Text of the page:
CBC Spotlights Anti-Israel Song As Part Of Its “Songs You Need To Hear” Series

March 5, 2024

CBC News has been the subject of multiple HonestReporting Canada alerts in recent weeks, highlighting repeated instances of sloppy reporting, a failure to hold interview subjects accountable for their anti-Israel statements, and for the overwhelming propensity to cover anti-Israel topics.

But not all problematic coverage from the national broadcaster is limited to news.

On February 28, CBC published a written piece under its ‘Music’ category entitled: “Chromeo’s funky groove, and 8 more songs you need to hear this week,” as part of its “Songs you need to hear” weekly compilation of “hot new Canadian tracks.”

Among the musical numbers shown to the public by CBC was, ‘Hello Everyone (Ceasefire Now),’ by singer Jenn Grant.

The song’s lyrics included phrases such as “I’ve got the answer here, Join together, Sing it loud and clear: Ceasefire now.”

At no point during the song’s nearly three minutes of running time did Grant mention Hamas or the Palestinian Islamic terrorist group’s hostages, instead proffering a simplistic message, devoid of any context in the slightest.

The song’s music video, released February 23, also includes the words “by the tens and the millions, we are also Palestinians,” a favourite chant at anti-Israel demonstrations held around the world, and ended with the words “never forget to say, free Palestine.”

In CBC’s description of the song, it quoted Grant’s press release, which falsely claimed that “Palestinians…are being displaced and killed in a genocide before our eyes,” and saying that her song was “an anthem for us to unite in our demands for an immediate and permanent ceasefire now,” and once again repeating her groundless genocide accusation.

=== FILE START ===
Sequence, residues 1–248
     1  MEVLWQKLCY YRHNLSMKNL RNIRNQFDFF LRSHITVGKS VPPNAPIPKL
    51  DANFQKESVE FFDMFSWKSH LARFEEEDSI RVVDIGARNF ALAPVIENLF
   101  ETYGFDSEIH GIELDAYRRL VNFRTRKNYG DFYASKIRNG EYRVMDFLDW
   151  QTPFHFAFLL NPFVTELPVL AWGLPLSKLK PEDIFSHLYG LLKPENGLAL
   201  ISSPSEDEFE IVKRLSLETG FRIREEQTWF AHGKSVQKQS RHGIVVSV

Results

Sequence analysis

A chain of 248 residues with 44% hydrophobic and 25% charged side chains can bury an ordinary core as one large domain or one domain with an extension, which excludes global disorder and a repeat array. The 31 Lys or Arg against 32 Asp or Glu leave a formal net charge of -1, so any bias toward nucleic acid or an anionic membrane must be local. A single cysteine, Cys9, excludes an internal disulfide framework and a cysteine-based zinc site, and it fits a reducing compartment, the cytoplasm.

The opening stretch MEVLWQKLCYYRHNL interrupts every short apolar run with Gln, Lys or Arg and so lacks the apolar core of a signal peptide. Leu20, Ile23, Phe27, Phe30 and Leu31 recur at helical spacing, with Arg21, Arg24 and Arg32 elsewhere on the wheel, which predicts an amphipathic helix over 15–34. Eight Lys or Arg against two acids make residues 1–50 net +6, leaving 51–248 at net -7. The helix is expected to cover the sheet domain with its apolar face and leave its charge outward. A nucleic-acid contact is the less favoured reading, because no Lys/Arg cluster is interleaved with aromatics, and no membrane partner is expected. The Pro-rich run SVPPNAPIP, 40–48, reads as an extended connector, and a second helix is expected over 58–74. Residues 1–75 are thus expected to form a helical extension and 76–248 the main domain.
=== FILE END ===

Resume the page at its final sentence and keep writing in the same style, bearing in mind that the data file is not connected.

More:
Though neither Grant nor CBC gave any details, an “immediate and permanent ceasefire,” despite its superficial appeal, is all but impossible given that Hamas, a fanatical Islamic terrorist organization, is violently committed to the total destruction of Israel, and in its place, the creation of a theocratic caliphate, akin to the Islamic State (ISIS).

As such, for Hamas, nothing short of Israel’s total destruction can provide anything resembling a “permanent ceasefire,” and even a short-term cessation of hostilities would be counter-productive, given that it would only provide the terror group with a much-needed opportunity to re-arm, re-train and continue on its forever war against the Jewish State.

Even commentators hostile to Israel concede this central point, with Gwynne Dyer, a regular anti-Israel columnist, writing recently that “Hamas’ leaders have no desire for a long ceasefire. A short one to catch their breath, maybe…”

It is the right of Grant or any other singer to produce any music that they see fit to create, even if it repeats vapid anti-Israel slogans  which masquerade as social justice but in reality are buzzwords with dangerous connotations.

However, in choosing to platform Grant’s song, CBC has – courtesy of the Canadian taxpayer – evidently decided that such a song, as one-sided, anti-Israel and obtuse as it may be, is nevertheless deserving of platforming and recognition. However, that exposure seems to have produced limited results, with the total number of views on the YouTube video numbering just a few hundred, even nine days after being uploaded online.

Grant’s song isn’t the only place where the musician has vocalized such views; her social media presence features a number of pro-Palestinian and anti-Israel posts, including one update from November, posted to her Instagram account, showing her participating in an anti-Israel rally in Halifax.

CBC’s decision to platform, and promote, an anti-Israel song as part of its “Songs you need to hear” program is just the latest instance of the public broadcaster providing a one-sided anti-Israel narrative to the public.


Send this to a friend